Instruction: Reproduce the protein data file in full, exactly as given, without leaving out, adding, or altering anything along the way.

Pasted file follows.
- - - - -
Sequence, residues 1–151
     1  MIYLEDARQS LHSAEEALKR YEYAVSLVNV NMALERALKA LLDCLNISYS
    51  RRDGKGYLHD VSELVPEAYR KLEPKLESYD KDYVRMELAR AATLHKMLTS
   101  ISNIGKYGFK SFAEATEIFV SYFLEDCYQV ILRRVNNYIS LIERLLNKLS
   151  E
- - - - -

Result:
Sequence, residues 1–151
     1  MIYLEDARQS LHSAEEALKR YEYAVSLVNV NMALERALKA LLDCLNISYS
    51  RRDGKGYLHD VSELVPEAYR KLEPKLESYD KDYVRMELAR AATLHKMLTS
   101  ISNIGKYGFK SFAEATEIFV SYFLEDCYQV ILRRVNNYIS LIERLLNKLS
   151  E